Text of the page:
You go, little guy. Mama loves you to distraction.

Sunday, January 13, 2013

New School Year

So Steven is in his second year of preschool. When I went to his IEP meeting at the end of last year, I was a bit disappointed in the goals that his teacher had set out for him, but this is just a lesson in acknowleding the fact that I still have a lot to learn. While special ed teachers do not always know what it is like to be the parent of a special needs child, at the same time, most of us parents do not have the technical skills needed to teach these children in the way that they require. Yes, there are things that they can only learn at home, but there are also many things that they can only learn in the social environment that is school, and there is always going to be a give and take.

To me the goals were pretty simplistic, given what I had seen Steven do. Steven does not talk much, but he can. He's a smart aleck. He will schock you; I tell people, if you find yourself doing a double-take and asking yourself if he said something, nine times out of ten he did. Steven's vocabulary is probably much larger than I can imagine, because the receptive vocabulary is there. Steven understands everything that you say to him. Not to mention, I do not mince words as his Mother. I have never spoken baby talk to my son, and I never will. I use big words with him, and I tell him what I expect of him. I honestly do believe that this has borne fruit. As of today, my son knows how to imitate, match two like items, and identify things based upon description. Add to that progress in potty training, random words and LOTS of affection, and I am heartily pleased with the progress I am seeing.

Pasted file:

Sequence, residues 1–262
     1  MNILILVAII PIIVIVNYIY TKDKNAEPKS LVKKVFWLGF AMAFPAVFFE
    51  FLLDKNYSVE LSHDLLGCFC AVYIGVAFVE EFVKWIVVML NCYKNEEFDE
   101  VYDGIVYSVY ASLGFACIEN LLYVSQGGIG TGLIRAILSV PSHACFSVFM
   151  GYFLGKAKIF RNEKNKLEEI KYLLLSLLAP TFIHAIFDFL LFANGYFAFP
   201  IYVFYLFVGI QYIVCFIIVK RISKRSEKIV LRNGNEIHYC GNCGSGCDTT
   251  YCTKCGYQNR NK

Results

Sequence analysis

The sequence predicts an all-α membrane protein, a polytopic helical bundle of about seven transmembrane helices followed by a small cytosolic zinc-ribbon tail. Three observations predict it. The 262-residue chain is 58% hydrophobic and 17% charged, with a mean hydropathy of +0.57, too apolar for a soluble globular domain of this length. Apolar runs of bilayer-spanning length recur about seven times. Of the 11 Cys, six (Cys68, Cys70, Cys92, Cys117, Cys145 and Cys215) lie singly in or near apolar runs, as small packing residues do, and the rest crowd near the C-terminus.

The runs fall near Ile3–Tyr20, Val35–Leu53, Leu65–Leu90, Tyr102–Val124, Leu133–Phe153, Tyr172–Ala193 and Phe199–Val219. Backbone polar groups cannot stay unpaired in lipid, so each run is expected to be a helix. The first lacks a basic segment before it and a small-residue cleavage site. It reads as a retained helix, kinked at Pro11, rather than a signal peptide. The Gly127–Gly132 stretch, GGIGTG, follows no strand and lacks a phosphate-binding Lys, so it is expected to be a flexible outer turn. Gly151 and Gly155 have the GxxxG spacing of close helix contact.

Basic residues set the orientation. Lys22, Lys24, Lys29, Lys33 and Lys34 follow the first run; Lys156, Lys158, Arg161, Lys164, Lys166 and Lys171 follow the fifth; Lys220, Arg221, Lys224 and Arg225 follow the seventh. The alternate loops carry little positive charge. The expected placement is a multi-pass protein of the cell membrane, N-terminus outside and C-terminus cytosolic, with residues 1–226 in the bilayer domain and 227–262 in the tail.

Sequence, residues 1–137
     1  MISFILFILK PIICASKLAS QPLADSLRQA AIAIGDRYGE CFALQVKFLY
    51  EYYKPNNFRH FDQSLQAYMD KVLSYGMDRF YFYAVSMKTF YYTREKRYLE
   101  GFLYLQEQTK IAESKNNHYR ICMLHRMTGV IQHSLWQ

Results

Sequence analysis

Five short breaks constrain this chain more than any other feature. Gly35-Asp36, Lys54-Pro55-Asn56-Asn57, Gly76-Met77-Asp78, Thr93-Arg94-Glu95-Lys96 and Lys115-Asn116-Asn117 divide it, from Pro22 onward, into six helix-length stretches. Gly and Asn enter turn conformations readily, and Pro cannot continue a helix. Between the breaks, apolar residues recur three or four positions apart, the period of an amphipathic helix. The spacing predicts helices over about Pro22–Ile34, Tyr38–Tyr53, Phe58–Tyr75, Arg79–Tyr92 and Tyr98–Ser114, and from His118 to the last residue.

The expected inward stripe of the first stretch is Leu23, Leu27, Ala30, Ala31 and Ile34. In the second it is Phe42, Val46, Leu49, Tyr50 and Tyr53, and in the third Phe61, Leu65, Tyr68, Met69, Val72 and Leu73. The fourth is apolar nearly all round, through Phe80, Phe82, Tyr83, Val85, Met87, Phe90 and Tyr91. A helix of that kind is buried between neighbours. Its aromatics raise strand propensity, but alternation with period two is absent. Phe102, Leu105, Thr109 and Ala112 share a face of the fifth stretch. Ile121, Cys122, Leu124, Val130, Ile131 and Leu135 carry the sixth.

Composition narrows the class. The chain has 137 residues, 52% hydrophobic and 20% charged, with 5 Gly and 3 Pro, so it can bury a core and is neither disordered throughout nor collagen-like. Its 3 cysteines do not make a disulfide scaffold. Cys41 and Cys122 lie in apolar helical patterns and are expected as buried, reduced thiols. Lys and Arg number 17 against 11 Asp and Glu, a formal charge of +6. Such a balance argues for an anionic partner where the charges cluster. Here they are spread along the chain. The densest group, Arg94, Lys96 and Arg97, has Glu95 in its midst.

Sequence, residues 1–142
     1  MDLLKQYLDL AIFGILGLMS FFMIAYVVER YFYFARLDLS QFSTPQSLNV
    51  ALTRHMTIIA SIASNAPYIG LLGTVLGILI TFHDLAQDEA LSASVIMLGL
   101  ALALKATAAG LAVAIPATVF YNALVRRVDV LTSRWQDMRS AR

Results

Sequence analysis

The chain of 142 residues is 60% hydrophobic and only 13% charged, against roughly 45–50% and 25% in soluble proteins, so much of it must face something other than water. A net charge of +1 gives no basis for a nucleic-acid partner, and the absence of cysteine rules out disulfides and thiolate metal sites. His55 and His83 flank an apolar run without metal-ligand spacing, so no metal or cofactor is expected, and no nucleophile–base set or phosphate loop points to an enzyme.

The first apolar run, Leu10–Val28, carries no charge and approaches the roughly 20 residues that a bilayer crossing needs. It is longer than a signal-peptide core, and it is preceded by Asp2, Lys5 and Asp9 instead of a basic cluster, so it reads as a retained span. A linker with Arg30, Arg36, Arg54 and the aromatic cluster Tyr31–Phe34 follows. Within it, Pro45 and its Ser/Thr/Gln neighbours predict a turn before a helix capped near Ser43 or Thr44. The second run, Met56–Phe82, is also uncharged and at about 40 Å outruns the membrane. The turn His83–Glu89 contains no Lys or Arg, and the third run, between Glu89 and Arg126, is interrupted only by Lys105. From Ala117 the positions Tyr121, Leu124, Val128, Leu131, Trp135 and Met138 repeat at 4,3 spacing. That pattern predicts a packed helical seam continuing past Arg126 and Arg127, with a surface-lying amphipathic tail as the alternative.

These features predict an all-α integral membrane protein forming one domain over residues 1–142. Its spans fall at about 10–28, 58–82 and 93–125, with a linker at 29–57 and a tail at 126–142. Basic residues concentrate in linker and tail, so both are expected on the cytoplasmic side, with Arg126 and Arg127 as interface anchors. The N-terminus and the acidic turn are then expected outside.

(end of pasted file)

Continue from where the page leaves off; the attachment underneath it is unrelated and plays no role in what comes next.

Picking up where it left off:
I am grateful to Steven's teachers.

I saw his very first preschool teacher the other day in the store; we talked and reminisced a bit. Later that evening I sent her some pictures of Steven so that she could see how much he had grown. She said to me that it was so nice to see what she called a "success story" (you can only imagine how awesome that made me feel) for once, instead of parents wide-eyed with shock. I have to say that that was never me. My only concern with regards to Steven's autism has been how he would be treated by his peers. I was not, and never intend to be the parent who plans out my child's life for them. And that is where I think that perhaps some parents do themselves injury. Yes, we plan, we hope and we anticipate when little one is on the way. But that child should be allowed to determine their own destiny. The canvas of their life is blank for a reason, and that is not for us parents to write on it. I am determined not to leave many marks on my son's life past the few influences I leave as a mother. I want him to decide what and who he is to be...and I don't feel that autism is any deterrent at all. Just look at Carly Fleischman.

Last year I did a fundraiser to purchase Steven an iPad. I had seen on the news how much special needs children, especially autistic children, could benefit from the use of an iPad. I wasn't able to raise the amount needed for a new one, but I was able to get a sturdy 1st generation used one, and it works fine. Steven loves it. I hope to turn it into an AAC device for him, in case he still doesn't wish to do much talking for a while. It would be wonderful to know what's going on inside his head. But for now, seeing him do things like this is enough: